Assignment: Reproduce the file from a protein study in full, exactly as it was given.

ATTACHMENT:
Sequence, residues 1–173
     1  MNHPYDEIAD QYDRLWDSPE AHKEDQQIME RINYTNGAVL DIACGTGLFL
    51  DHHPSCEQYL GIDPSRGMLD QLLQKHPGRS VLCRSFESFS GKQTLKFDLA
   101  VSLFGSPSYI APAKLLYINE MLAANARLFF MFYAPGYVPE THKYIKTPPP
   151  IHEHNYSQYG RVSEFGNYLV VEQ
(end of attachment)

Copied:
Sequence, residues 1–173
     1  MNHPYDEIAD QYDRLWDSPE AHKEDQQIME RINYTNGAVL DIACGTGLFL
    51  DHHPSCEQYL GIDPSRGMLD QLLQKHPGRS VLCRSFESFS GKQTLKFDLA
   101  VSLFGSPSYI APAKLLYINE MLAANARLFF MFYAPGYVPE THKYIKTPPP
   151  IHEHNYSQYG RVSEFGNYLV VEQ